The MIKE program, Monitoring of Illegally Killed Elephants, is a CITES program which strives to gather detailed data on elephant mortalities. Although the Mara ecosystem is not an official MIKE site it has been treated as one in terms of collecting, harmonizing and presenting data to the national government. Each quarter stakeholders collecting carcass data gather around the Mara to harmonize the data which means the data is reviewed together to ensure accuracy.
During the last harmonization meeting for the fourth quarter of 2018, Kenya Wildlife Service (KWS) made some key recommendations for the program moving forward; the most important focus was to improve data quality, which is why a dedicated MIKE training for all of the conservancies, Maasai Mara National Reserve (MMNR), MEP and KWS was scheduled. The training is grouped into three two-day sessions that started on April 8. MEP hosted the second installment at MEP HQ on April 10 with MMNR, MEP, KWS, Narok County Government and representatives from Lemek, Pardamat, Olarro, Ol Kinyei, Olare Motorogi and Mara North conservancies and SORALO all in attendance.
KWS Senior Warden Dickson Ritan presenting to MIKE trainees at MEP HQ.
The main purpose of the workshop was to disseminate and promote MIKE ranger-based monitoring protocols and guidelines as a basis for strengthening MIKE site data collection and management. Improving the ability to collect accurate data helps us identify issues surrounding elephant deaths. We recently supported forensic training for the conservancies and MMNR and this additional MIKE training adds into to the same objective. Specifically, the workshop focused on enhancing the skill and knowledge levels of field staff in collecting good quality elephant mortality data; to ensure that site and national level staff effectively manage carcass data and records; and to ensure that Kenya sites prepare MIKE carcass reports in accordance to agreed format and standards.
Using an old elephant carcass that had died of natural causes, KWS taught trainees in the field how to properly collect data at a MIKE site.
Kenya has four official MIKE sites: Tsavo, Samburu-Laikipia, Meru and Mt. Elgon that were established in 2002 by the CITES MIKE program. Sites were established in 2002 based on the higher levels of poaching and the lower levels of monitoring and protection that were in place in those four regions. In 2002, the Maasai Mara did not have a problem with elephant poaching and was therefore not considered for the MIKE program. Since then, the elephant population has increased as have the levels of poaching. This has led the Kenyan government to treat the Maasai Mara as a MIKE site although it is not yet officially registered as such under the CITES program. The elephant population disperses from the protected area (MMNR) to the neighboring conservancies and community lands so there are a number of partners involved in elephant monitoring and mortality data collection and for that reason, like the rest of MIKE sites, mortality data is harmonized on quarterly basis and shared among the partners. This is why participants were taken through MIKE reporting obligations to CITES that included MIKE data flow from ranger posts to MIKE CCU and ultimately to the production of updated MIKE analysis reports for CITES. Emphasis was put on reporting procedures and quality data collection.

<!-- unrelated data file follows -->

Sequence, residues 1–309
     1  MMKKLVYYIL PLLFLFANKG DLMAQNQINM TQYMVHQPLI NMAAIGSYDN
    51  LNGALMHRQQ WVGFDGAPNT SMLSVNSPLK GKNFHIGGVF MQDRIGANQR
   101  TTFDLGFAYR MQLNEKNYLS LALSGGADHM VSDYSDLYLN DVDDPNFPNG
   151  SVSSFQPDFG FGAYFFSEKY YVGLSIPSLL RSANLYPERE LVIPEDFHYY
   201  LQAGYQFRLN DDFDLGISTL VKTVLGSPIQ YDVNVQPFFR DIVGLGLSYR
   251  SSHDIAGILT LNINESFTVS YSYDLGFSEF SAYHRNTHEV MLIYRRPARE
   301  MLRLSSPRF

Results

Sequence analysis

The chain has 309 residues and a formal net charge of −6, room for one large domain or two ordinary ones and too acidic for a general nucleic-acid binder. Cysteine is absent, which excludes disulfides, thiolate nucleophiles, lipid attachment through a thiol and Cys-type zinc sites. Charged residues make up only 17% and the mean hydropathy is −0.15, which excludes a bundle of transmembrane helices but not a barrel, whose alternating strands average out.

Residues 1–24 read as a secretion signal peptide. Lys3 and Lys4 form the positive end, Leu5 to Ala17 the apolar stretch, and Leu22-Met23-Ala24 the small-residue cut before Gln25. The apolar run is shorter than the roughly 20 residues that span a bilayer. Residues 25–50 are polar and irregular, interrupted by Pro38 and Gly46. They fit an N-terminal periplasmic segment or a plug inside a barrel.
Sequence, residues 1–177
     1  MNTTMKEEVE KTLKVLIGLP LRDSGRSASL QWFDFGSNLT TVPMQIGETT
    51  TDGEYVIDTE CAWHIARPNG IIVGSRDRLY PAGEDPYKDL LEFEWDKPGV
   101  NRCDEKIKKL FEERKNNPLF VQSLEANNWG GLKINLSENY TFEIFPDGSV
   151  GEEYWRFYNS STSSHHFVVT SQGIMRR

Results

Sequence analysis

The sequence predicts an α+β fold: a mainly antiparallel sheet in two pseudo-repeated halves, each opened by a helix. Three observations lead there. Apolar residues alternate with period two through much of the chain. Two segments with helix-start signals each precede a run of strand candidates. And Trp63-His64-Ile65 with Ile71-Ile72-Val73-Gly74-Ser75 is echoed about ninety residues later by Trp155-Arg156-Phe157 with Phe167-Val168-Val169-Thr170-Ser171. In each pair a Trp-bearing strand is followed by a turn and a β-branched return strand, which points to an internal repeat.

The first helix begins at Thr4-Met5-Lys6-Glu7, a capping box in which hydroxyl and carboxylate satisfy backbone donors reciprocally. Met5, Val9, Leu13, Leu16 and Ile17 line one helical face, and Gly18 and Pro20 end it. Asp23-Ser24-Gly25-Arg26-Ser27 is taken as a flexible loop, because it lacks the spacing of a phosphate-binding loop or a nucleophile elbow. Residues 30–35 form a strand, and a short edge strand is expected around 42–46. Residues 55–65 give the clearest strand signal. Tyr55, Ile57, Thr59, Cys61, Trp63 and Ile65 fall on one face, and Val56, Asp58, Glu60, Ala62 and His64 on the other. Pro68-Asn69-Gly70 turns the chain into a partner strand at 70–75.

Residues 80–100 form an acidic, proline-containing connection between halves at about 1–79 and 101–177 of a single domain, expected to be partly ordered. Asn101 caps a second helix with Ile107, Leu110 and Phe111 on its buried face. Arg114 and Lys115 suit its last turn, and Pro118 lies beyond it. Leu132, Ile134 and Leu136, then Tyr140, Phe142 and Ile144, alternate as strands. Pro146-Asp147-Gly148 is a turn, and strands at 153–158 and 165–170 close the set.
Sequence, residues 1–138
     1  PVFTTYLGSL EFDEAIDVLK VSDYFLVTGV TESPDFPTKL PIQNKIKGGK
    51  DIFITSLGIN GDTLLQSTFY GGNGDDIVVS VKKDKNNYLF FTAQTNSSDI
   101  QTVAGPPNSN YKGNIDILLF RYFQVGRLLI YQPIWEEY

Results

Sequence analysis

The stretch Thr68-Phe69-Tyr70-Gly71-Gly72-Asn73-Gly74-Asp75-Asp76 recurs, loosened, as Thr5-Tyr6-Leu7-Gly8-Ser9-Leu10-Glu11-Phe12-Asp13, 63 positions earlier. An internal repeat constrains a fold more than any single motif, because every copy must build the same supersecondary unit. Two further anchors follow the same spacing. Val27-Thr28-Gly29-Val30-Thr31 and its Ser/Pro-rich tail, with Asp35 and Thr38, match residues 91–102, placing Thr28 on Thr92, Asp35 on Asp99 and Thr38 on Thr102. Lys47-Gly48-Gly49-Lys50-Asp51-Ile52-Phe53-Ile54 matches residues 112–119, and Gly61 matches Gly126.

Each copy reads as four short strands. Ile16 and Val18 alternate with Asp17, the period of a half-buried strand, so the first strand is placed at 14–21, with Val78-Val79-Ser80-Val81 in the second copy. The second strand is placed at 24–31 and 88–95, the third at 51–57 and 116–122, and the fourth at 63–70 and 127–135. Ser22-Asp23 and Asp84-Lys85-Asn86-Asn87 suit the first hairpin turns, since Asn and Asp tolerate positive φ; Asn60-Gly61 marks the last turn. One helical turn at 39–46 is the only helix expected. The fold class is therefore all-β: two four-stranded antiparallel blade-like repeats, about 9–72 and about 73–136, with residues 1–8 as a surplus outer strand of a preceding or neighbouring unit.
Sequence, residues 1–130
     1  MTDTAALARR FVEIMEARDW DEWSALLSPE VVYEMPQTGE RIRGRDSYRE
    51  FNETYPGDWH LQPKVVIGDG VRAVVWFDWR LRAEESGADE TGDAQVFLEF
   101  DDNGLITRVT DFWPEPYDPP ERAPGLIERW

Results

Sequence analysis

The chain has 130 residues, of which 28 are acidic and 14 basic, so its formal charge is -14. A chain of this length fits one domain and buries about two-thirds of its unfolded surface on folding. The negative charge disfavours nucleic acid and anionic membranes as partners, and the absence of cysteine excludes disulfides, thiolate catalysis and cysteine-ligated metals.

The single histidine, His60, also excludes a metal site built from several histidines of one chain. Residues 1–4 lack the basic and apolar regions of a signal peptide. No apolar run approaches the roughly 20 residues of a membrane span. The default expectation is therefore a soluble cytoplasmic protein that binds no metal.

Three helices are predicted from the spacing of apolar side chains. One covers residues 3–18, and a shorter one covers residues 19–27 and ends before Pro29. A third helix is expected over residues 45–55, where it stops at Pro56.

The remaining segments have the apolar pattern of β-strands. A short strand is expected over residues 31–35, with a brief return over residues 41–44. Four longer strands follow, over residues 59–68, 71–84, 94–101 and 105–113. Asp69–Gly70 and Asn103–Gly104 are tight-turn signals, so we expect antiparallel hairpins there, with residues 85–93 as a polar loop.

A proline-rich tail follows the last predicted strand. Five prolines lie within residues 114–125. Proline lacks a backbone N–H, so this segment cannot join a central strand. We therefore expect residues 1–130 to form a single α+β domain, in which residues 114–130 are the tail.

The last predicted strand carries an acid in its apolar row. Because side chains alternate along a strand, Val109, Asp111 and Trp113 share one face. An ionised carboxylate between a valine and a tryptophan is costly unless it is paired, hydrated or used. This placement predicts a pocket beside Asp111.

Group discussions taking place during training.
Participants took part in field data collection exercise using the revised MIKE form and proposed/revised KWS FINDREP carcass form recording elephant carcass data in groups. They were also trained on use of the GPS units for recording location data, cameras, establishing the cause of death, deducing the reason for death, elephant aging, carcass aging, sexing and recording evidence at the scene. Overall, the MEP training had 45 participants and at the end of the three sessions 92 people were trained in MIKE data collection procedures and harmonization.
The entire MIKE training workshop team in front of MEP HQ offices.
Mara Elephant Project would like to thank Kenya Wildlife Service for partnering with us to make this training happen and Ol Kinyei Conservancy, Olare Motorogi Conservancy and Mara North Conservancy contributing financially along with MEP toward this vital training.
KWS Senior Warden Dickson Ritan, KWS National MIKE Coordinator Sospeter Kiambi, KWS Site MIKE Officer Stephen Ndambuki and MEP Director of Research & Conservation Dr. Jake Wall all having a discussion during the training.